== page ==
Congress Daily's Martin Vaughan reported today on a press call with U.S. trade officials who made two things very clear: First, no one should expect that the promised FTA fixes will be incorporated into the text of the agreement. To wit,
They said only that those changes will not be made through a "quote, side letter, endquote," and that they will be "legally binding." Said one official: "There are multiple ways to skin a cat ... To the extent that a side letter is not legally binding, it will not be a side letter."
When is a side letter not a side letter? Don't remember that one from my Zen koan class... I do remember this report, however, which Brandon, Alyssa and I wrote a few years ago showing how side letters and side deals are a very, very stupid way of accomplishing any policy objectives.
Martin also reports that the lovely folks at the National Association of Manufacturers have gotten a looksie at the final language and are still not at all worried about the labor text - a bad sign if you are a LABORER of any kind.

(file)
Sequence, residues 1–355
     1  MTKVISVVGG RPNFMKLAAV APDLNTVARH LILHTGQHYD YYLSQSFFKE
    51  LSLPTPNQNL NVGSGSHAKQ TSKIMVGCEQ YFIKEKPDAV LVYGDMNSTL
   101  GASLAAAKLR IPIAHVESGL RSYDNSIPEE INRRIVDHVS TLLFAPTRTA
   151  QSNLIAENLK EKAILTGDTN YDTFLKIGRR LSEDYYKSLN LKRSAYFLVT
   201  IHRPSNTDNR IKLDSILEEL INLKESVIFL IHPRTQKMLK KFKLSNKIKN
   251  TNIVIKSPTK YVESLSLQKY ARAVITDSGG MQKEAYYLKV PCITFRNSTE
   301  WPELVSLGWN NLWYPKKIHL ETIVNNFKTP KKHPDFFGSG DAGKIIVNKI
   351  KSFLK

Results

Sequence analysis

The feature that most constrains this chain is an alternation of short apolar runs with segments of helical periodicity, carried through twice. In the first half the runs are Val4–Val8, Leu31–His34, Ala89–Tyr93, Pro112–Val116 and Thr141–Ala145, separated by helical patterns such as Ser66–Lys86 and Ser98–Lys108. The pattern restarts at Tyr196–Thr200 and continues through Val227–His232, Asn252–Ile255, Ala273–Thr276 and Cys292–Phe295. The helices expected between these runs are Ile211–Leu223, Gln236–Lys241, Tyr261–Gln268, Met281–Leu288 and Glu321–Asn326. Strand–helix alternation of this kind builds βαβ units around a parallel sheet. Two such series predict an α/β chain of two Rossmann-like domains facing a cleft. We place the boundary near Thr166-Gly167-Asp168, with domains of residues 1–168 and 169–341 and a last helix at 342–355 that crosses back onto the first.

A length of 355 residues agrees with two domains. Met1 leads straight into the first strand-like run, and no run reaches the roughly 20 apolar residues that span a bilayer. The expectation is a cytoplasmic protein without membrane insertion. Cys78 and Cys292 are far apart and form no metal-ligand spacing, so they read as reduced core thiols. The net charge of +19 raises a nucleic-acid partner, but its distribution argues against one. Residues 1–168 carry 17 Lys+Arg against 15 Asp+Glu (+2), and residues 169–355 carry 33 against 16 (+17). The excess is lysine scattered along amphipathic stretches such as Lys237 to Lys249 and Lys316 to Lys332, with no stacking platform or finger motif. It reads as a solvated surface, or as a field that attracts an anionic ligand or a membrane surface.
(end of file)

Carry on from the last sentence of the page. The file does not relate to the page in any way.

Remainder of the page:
First, according to NAM, the "deal" doesn't obligate countries to abide by the ILO core labor rights conventions themselves, only a watered down 1998 "declaration" on the conventions. Second, only federal laws apply, so (breathe easy) things like U.S. prison labor and Southern states' "right to work" laws "will not be subject to challenge." (Gee, I really hope a Peruvian state or locality doesn't pass some kind of law legalizing child labor in the state!) And to put just a little rotten icing on the rotten cake, negotiators agreed to not eliminate an FTA provision "that gives countries leeway not to enforce labor laws at their own 'discretion.'"
Is the room spinning, or did a few Democrats just sign up for something that does not sound that sweet, or that, well, Democratic?